Hear ye hear ye, it’s the last instalment of our learning style series! We’ve gathered a few ways you can utilise the tech in your classroom to support auditory learners. Because everyone learns differently, and we aim to support all students.
What is auditory learning?
Auditory learning is one of the three learning styles established by the VAK model of learning, along with [link to blog] kinaesthetic [end link] and [link to blog] visual [end link].
Unsurprisingly, auditory learners prefer listening to lesson content rather than reading text. They tend to retain spoken information well, and are often active participants in class discussions.
How to engage Auditory learners
Auditory learners are one of the easier groups to engage, as much of our regular classroom presenting is spoken anyway. But with edtech, we can take this engagement even further, with some fun and interesting ways to deliver lessons.
While taking notes and reading through slides might be a good revision strategy for kinaesthetic and visual learners, auditory learners might benefit better from listening back over lessons.
With the ActivInspire Screen Recorder, you can easily capture your voice along with your on-screen actions and other applications, to provide students with engaging revision material.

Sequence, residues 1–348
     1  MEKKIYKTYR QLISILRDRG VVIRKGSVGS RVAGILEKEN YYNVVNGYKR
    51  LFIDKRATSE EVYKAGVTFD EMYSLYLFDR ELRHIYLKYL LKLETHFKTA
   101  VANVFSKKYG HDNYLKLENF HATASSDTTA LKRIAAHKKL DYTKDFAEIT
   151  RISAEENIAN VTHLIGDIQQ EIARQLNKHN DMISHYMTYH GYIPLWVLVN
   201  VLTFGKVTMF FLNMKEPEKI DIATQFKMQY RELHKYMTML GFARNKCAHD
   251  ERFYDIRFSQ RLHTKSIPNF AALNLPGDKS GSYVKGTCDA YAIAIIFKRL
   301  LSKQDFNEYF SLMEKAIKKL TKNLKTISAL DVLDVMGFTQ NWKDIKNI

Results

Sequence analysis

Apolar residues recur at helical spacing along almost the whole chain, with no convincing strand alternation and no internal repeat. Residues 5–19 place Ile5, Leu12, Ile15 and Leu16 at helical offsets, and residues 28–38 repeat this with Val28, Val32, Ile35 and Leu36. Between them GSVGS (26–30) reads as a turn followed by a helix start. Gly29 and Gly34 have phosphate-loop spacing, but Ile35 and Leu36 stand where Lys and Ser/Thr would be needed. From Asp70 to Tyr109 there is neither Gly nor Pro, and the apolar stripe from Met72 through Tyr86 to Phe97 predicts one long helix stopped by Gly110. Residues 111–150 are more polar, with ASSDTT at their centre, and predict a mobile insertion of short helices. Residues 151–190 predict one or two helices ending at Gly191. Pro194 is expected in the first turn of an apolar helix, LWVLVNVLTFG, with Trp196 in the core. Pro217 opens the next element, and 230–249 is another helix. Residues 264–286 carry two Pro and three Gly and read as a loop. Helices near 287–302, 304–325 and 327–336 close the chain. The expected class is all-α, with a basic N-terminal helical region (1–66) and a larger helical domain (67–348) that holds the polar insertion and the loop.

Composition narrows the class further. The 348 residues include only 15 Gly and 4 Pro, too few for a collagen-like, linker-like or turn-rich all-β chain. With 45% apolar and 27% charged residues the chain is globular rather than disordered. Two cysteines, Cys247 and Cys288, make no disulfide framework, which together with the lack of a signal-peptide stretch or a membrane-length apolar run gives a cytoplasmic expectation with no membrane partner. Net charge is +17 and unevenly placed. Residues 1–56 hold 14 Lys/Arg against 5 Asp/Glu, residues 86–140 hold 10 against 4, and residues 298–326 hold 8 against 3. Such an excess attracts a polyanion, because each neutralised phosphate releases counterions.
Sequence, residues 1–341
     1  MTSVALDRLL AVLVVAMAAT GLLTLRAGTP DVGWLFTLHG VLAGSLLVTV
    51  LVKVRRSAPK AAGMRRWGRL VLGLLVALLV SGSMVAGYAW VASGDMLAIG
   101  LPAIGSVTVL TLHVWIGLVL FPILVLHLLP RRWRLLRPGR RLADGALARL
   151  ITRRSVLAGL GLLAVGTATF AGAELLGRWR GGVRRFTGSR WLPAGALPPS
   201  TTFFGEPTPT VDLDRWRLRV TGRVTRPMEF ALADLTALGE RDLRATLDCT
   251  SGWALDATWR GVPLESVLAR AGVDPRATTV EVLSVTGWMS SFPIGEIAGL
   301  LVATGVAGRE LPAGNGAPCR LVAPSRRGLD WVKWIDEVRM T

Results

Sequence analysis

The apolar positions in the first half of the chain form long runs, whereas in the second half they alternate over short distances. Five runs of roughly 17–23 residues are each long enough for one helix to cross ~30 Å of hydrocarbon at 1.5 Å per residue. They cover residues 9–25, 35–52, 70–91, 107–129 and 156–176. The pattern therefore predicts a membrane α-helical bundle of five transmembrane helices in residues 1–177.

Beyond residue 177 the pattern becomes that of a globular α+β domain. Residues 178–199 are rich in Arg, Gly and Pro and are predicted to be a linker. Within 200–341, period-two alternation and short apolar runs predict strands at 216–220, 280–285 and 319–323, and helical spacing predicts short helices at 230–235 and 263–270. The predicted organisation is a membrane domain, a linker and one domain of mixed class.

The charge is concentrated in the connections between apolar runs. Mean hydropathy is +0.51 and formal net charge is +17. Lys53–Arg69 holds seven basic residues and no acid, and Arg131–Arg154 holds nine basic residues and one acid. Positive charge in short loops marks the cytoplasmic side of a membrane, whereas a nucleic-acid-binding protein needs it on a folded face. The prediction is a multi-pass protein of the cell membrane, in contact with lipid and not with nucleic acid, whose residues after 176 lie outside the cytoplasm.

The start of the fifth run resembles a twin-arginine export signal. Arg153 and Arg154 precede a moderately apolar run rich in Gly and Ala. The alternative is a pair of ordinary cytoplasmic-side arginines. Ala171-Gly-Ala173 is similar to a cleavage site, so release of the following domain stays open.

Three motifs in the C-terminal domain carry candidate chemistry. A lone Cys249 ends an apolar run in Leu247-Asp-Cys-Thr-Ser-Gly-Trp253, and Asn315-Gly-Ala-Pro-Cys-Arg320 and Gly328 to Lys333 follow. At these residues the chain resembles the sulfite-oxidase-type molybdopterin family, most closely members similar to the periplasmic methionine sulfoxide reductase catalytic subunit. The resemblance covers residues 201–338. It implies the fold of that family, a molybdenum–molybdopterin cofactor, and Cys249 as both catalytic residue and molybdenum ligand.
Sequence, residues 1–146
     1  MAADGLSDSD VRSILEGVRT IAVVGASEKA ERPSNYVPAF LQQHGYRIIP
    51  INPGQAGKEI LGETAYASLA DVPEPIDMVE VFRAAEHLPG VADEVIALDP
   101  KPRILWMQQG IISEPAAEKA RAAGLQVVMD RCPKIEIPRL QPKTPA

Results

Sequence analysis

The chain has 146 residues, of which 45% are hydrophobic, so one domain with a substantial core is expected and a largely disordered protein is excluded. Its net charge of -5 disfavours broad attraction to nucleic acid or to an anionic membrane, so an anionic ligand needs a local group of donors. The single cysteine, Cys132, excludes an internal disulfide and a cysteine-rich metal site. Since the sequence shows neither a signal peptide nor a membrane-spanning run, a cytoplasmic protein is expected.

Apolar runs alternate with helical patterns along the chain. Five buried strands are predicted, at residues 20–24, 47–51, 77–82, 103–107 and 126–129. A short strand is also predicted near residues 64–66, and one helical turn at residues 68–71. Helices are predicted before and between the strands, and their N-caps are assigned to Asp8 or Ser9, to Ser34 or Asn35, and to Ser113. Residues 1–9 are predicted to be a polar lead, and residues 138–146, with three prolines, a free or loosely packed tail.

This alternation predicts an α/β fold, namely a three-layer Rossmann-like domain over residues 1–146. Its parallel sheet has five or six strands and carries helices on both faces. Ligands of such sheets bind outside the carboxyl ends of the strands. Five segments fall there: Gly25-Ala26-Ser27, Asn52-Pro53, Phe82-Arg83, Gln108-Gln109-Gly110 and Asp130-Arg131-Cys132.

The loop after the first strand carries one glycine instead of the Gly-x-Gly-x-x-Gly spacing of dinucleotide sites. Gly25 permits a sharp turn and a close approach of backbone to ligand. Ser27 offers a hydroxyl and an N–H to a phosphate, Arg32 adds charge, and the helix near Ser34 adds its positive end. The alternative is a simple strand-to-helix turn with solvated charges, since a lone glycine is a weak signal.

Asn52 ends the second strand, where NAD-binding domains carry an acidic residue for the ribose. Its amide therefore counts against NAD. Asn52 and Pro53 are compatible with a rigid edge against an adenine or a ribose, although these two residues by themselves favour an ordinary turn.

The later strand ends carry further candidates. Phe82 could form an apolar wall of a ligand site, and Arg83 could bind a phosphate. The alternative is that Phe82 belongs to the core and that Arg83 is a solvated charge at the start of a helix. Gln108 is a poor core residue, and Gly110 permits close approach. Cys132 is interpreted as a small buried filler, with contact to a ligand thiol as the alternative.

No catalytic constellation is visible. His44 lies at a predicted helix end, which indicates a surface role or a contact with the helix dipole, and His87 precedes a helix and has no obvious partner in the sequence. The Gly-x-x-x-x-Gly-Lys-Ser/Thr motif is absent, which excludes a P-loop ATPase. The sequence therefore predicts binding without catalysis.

Tune-in to stop tune-out
Did you know that research has shown that music can help increase cognitive functions? A Stanford study found that listening to certain types of music can improve focus and retention of information. This is particularly heightened during the transition points between musical movements of classical compositions.
Why not play some gentle classical music during lesson delivery? As much of it is in the public domain, there are plenty of free apps that you can download to the ActivPanel, and the front-facing speakers mean rich sound quality for the whole class.
Or if you’re feeling extra creative, check out Chrome Music Lab. This handy app that can be installed on the ActivPanel is packed full of ways to make music, including a touch-enabled keyboard, song makers, and a feature that makes music from drawn lines. Short songs related to taught content can act as great mnemonic devices – so why not play around?
Read out loud
As a fun break from traditional reading lessons, try playing audiobooks to the class. This is a great time-saving measure, as it frees up space for marking or forward-planning. There are also apps that convert text to audio that you can install on the ActivPanel, or to students’ personal devices.
For a fun, immersive project, have students create their own podcast episode on a topic relating to the curriculum. In groups they can use the ActivPanel or personal devices like tablets to record.
This is a great activity, as it really hits many different learning styles other than auditory. Pre-planning script-writing and research targets visual learners, plus the project-based learning element means that kinaesthetic learners will benefit from the active and immersive learning opportunity.
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